Sound Diffusion

Isolating sound areas presupposes that a museum's spaces can be freely modified and that carpeting and ceiling treatments are acceptable options. It also presupposes that all of the sounds and noises generated in the environment are from the exhibits only. In dramatic architectural spaces with marble floors, glass atriums and black slate walls, the inclusion of partitions and carpet, or spray on ceilings would seriously compromise the beauty of the edifice. It may also be that much of the noise generated in the space may be from the enthusiastic voices of the visitors rather than from the exhibits.

To a large extent, once finished, these spaces are at the mercy of the architecture, but there are some strategies for improving the nature of the sound and how it behaves within. The reverberation time in large reflective spaces is long. The larger the volume of the space, the longer the reverberation time - and the longer the time that sound and noise gets to accumulate and smear. If a sound has clear paths to reflective surfaces it is less likely to dissipate before bouncing around and annoying everybody. If sound waves are broken up or diffused prior to reaching a hard reflective surface, it dissipates some of its energy and tends to be less annoying on its return trip. If the first hard surface that the sound hits is fluted, textured and variegated, the reflections become more diffuse and more agreeable. This accounts for why the reverberation in an old gothic style cathedral is more pleasing than the reverberation in less detailed voluminous spaces.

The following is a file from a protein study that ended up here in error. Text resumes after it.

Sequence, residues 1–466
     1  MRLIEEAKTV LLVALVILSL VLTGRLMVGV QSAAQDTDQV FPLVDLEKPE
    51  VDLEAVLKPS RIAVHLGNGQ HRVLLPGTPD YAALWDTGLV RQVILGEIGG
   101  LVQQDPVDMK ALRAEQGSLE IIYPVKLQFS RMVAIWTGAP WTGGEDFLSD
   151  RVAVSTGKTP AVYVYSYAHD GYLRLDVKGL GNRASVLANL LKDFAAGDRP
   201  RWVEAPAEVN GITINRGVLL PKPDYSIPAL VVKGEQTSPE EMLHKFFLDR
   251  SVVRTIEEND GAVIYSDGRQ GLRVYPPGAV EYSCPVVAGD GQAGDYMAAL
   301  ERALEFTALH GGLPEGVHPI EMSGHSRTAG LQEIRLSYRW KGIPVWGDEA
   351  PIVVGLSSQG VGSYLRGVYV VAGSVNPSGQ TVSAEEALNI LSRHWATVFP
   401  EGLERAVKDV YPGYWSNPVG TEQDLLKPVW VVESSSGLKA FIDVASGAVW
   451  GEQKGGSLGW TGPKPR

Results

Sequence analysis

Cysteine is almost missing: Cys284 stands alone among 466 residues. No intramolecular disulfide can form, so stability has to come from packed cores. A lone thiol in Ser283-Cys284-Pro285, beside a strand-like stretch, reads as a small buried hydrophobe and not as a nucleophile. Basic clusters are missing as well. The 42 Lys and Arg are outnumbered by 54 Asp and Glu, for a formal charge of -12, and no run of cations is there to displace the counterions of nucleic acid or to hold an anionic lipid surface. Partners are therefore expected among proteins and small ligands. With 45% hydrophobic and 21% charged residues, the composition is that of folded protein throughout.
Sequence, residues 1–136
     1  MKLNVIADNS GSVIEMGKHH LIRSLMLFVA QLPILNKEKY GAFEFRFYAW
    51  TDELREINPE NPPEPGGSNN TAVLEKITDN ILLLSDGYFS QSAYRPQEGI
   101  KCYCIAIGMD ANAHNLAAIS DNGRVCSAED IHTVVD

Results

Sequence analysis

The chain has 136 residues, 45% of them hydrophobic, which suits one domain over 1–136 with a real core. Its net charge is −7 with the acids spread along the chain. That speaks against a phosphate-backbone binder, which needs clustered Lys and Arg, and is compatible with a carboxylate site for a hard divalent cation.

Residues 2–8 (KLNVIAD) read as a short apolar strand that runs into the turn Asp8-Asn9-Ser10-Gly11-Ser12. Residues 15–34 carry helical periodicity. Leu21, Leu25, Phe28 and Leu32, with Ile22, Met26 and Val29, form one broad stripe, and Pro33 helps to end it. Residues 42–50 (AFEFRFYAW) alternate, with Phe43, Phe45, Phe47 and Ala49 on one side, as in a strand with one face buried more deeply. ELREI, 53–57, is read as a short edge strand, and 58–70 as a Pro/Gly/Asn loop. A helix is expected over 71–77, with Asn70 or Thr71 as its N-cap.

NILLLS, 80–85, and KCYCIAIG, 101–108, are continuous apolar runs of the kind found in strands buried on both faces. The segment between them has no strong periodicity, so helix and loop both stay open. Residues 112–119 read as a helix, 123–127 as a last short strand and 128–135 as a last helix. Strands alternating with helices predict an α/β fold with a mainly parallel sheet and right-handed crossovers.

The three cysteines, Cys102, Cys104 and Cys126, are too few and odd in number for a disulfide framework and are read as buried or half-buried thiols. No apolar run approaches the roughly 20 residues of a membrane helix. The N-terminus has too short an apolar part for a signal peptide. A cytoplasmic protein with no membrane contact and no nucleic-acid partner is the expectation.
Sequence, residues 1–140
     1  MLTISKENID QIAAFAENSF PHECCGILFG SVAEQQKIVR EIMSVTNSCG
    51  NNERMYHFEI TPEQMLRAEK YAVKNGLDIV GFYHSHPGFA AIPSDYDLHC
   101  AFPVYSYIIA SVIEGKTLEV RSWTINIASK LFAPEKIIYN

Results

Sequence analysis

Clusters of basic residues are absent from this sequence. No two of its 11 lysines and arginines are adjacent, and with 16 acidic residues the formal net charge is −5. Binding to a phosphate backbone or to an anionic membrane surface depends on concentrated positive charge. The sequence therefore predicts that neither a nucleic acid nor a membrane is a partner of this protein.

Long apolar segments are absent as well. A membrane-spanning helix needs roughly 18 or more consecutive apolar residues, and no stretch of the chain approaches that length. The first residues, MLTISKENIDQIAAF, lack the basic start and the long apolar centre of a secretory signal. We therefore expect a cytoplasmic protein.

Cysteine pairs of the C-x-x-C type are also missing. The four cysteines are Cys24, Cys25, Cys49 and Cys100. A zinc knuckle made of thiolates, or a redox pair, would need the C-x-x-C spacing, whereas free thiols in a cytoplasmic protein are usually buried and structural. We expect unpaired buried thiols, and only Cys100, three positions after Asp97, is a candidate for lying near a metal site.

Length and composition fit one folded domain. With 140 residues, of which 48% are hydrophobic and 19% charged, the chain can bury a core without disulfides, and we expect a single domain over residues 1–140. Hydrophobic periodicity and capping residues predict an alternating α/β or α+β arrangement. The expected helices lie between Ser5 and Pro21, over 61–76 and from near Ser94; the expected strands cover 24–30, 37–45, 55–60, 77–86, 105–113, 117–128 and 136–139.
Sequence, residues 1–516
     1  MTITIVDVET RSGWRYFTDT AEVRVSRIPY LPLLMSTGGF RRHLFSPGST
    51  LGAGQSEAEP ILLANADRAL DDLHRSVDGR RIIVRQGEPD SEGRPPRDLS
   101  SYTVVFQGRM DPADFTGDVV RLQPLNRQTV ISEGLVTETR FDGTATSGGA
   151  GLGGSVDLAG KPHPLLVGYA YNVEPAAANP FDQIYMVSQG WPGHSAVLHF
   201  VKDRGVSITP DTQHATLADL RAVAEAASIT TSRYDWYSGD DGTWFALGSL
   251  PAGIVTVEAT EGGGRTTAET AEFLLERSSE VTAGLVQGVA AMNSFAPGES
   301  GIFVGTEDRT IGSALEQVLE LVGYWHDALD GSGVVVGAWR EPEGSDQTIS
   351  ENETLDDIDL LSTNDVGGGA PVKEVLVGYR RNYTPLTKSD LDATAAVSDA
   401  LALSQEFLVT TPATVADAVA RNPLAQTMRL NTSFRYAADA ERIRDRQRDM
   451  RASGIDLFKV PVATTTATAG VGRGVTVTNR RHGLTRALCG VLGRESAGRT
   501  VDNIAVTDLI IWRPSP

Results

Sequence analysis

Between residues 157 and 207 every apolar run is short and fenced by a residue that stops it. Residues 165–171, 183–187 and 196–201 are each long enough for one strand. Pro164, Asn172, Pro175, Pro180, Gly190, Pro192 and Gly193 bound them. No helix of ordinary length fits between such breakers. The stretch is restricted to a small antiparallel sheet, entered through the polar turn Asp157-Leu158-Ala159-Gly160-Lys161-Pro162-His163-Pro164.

There are many visually subtle ways to break up sound in these large volumes. While sound does travel freely in air, it dissipates proportionately with the distance from the source of the sound; but when sound hits a hard reflective floor, it tends to travel along the floor retaining much of its energy. This is why carpeting is so effective as a sound treatment - it absorbs sound as it travels along the floor. A sound wave moving across a marble floor will be pretty strong when it hits the first reflective wall. If the floor wave can be broken up with long planters, standing pools, perimeter carpet paths, split levels or even strategically placed sound traps, a good portion of it will not reach a reflective wall to bounce back into the environment.

Many of the techniques for localizing, isolating and diffusing sound and noise are often relatively simple and can be incorporated after an acoustical problem has been identified, though it is always better and more cost effective to plan for them early in the design phase of a project rather that wait for the ugly questions to arise. I hope I have given the reader some things to consider in the design of their next project, and consoled the reader with an accruing noise problem that some possible solutions exist. In lieu of all of the above considerations we could always turn the volume down on everything, give everyone headphones and tell the visitors to be quiet, but that wouldn't be half as fun.

Michael Stocker
© May 1998